TWO WEEKS AGO, I described how to scour your portfolio for holdings that no longer fit your financial plan. At a high level, these investments fail at least one of two tests:
Risk. Some investments are just inherently unsuitable or excessively risky. Alternatively, an investment might be perfectly fine, but it represents a big risk simply because you own so much of it.
Return. You might have an investment that has chronically underperformed,
TARGET-DATE FUNDS offer one-stop investment shopping. But what exactly are you buying?
These funds are intended to offer a diversified portfolio that’ll carry you through to retirement and beyond. Each follows a “glide path,” reducing its stock exposure over time. But the substantial differences among the funds means that some roads will be rockier than others, so it’s important to understand what you’re getting.
For instance, young investors in 2060 target-date funds—like my children—will have 90% or more in stocks.
THE STOCK MARKET hit a milestone last week, surpassing its pre-coronavirus all-time high. There’s a lot of debate about whether this is justified or sustainable. But the bottom line is, your portfolio today probably looks very different from the way it looked six months or a year ago. This may be a good time to take stock of what you own and to consider whether changes are warranted.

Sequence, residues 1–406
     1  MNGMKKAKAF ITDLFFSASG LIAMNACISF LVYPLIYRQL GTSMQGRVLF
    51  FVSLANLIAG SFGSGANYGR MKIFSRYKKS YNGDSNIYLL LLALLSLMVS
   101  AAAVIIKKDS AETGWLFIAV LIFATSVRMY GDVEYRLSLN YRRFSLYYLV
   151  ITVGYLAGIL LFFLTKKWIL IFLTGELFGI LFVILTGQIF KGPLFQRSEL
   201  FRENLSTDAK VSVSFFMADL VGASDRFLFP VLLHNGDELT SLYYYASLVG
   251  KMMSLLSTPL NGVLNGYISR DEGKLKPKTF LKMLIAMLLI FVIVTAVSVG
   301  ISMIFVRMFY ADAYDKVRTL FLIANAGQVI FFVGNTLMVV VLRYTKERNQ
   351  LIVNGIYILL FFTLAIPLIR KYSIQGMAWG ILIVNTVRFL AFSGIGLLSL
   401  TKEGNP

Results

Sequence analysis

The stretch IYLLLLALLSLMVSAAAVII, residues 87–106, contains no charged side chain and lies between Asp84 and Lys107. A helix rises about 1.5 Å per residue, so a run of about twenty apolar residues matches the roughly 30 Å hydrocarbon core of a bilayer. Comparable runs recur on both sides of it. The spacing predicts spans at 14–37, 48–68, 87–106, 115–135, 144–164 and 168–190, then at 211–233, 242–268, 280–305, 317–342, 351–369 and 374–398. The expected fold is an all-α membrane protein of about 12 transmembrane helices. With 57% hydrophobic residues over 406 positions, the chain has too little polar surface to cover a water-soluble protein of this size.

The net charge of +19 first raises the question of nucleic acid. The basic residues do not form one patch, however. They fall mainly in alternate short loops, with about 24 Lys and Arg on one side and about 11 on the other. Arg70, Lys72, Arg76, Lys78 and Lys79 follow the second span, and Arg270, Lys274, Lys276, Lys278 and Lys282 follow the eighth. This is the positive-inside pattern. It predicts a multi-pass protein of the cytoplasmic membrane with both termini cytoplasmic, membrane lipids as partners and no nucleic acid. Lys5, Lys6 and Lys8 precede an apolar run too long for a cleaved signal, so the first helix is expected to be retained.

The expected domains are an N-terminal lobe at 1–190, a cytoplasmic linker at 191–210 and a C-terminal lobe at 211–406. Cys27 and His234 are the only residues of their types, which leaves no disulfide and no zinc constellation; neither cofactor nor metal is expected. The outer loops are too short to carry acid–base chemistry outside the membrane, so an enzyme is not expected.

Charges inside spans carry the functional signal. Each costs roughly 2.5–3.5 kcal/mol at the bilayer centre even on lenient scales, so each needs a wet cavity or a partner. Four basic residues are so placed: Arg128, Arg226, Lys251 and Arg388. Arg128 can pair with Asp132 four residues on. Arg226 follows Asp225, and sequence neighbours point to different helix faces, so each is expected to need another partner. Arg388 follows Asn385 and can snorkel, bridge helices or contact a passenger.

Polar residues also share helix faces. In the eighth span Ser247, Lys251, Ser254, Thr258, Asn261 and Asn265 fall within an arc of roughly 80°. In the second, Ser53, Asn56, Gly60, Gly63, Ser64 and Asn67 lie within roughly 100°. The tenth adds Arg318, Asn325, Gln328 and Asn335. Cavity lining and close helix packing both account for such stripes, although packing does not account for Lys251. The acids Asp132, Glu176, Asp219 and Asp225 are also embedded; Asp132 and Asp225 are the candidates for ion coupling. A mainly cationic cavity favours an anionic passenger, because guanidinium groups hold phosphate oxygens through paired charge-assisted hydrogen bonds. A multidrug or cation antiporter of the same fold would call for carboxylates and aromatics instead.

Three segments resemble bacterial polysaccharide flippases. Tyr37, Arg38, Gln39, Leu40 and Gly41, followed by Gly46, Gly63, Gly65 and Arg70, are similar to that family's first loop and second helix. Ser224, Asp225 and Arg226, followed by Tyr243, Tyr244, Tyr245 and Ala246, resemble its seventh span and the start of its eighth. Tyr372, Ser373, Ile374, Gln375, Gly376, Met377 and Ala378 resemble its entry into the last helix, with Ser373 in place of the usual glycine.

Back in February, I talked about the importance of asset allocation—and that’s a critical first step.
FOR THOSE WHO know their A.A. Milne, they’ll recall Eeyore as Winnie the Pooh’s perennially gloomy donkey friend. Which brings me to my inner Eeyore—and a thought provoked by the stock market’s astonishing recovery.
Now that the S&P 500 is once again hitting new highs, it’s time to prepare for the next bear market. No, I haven’t reduced my stock holdings as share prices have bounced back and, no, I’m not predicting that another crash is imminent.
WHEN I BEGAN investing in 1987 at age 33, I knew very little about the financial markets. As a new University of North Carolina employee, I just started having money taken from my paycheck each month and put in North Carolina’s 457 plan for state employees. A 457 plan is a deferred compensation plan, similar to a 401(k) plan, but the plans are offered by state and local governments, and they’re subject to somewhat different rules.